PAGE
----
A single dose of acetaminophen plus codeine provides clinical useful levels of pain relief in patients with moderate to severe post –operative pain and it also extended the duration of the analgesia by one hour compared with the same dosage of acetaminophen alone. At higher doses more participants experienced more pain relief but the amount of support data is limited.

  • Source of funding:

    Anglia and Oxford RHA, UK,NHS Research and Development Health Technology Evaluation Programmes, UK, and European Union Biomed 2 Grant no. BMH4 CT95 0172, UK.

Commentary:

  • Importance and Context:

    After any surgical procedure inflammation and tissue damage occur. Acetaminophen is a widely used over the counter medication and it is the drug of choice in patients for whom NSAID’s are contraindicated, with known hepatotoxicity after long term use. Codeine has limited tolerability due to its adverse effects (nausea, somnolence, dry mouth, constipation and dizziness) and it is known that a small percentage of patients will not get additional benefit with the inclusion of codeine due to lack the enzyme required to transform codeine into morphine.As dental procedures may result in different levels of post-operative pain, a study of the relative efficacy of acetaminophen and codeine in management of moderate to severe pain would be beneficial.

  • Strengths and Weaknesses of the Systematic Review:

    This is a methodologically strong systematic review in which QUOROM guidelines were followed and a sensitivity analysis was completed. Power calculations and transparent randomization procedures were reported for each trial. An assessment of the homogeneity of included studies was reported. Patients withdrawing from studies were followed and reasons were noted. Estimates of relative benefit and risk were calculated with 95% confidence intervals. The review also reports numbers needed to treat (NNT) for efficacy and numbers needed to harm (NNH) for adverse effects. One weakness of the systematic review could be the decision not to search grey literature for unpublished studies.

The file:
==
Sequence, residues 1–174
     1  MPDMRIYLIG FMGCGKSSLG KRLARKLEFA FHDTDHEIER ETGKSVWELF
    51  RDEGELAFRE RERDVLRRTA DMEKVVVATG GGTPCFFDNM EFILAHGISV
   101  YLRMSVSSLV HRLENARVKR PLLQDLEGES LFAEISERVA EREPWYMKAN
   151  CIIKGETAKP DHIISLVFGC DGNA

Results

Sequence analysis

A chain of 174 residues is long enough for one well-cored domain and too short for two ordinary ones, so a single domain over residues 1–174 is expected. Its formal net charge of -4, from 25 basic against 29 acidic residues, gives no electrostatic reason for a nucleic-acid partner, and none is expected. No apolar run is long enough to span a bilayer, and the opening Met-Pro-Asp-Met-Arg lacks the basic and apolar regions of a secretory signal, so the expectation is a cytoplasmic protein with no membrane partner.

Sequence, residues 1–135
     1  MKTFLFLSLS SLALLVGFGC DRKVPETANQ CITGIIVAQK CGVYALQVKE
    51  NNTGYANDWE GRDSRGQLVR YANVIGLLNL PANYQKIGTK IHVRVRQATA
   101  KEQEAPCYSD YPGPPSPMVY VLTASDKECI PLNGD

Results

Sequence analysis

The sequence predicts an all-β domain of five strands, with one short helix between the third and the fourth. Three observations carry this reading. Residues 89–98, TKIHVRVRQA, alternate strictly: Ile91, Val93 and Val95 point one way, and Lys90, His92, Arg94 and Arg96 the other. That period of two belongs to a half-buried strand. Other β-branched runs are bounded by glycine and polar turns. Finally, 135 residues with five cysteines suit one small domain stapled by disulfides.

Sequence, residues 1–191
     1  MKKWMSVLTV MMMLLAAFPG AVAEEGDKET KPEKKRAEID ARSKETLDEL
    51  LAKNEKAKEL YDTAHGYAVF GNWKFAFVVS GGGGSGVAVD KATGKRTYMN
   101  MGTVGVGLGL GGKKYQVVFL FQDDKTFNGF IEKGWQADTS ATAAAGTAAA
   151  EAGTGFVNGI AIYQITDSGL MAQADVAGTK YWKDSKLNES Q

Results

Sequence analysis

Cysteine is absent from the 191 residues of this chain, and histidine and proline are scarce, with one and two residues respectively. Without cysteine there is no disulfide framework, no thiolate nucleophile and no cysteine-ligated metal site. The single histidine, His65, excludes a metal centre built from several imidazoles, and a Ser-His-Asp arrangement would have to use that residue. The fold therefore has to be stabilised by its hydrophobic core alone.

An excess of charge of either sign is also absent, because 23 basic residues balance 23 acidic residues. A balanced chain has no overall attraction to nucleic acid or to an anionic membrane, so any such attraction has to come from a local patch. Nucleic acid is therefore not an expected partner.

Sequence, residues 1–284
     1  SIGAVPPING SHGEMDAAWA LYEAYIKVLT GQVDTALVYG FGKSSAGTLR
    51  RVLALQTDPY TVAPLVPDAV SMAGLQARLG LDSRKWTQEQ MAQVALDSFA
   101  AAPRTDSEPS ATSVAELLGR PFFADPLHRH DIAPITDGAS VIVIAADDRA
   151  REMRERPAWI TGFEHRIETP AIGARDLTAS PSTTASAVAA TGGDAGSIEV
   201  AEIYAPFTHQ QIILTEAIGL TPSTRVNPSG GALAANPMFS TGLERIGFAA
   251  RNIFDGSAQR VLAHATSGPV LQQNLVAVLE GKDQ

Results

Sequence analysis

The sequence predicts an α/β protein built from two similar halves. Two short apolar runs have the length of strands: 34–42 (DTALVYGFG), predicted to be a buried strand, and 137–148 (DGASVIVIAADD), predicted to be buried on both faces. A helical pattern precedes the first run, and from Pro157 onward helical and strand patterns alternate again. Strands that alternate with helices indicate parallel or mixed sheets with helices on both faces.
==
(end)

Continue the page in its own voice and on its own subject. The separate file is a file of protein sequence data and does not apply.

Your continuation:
• Strengths and Weaknesses of the Evidence:

    Only randomized double blind clinical trials were included which represents the most appropriate study design for the clinical question A large number of studies and participants indicates rigorous data. The high methodological quality, as well as the homogeneity and consistency among included studies leads to a high level of confidence in the evidence reported.

  • Implications for Dental Practice:

    Pain is a common manifestation following surgery. For patients to receive the greatest benefit from analgesics used to manage pain, practitioners should be familiar with the appropriate selection of the medication type and related doses of analgesics. A combination of acetaminophen and codeines seems effective for pain management in patients with moderate-to-severe postsurgical pain. In addition only one extra hour of analgesic effect is obtained.

  • Critical Summary Publication Date: 3/24/2010

These summaries are not intended to, and do not, express, imply, or summarize standards of care, but rather provide a concise reference for dentists to aid in understanding and applying evidence from the referenced systematic review in making clinically sound decisions as guided by their clinical judgment and by patient needs. American Dental Association ©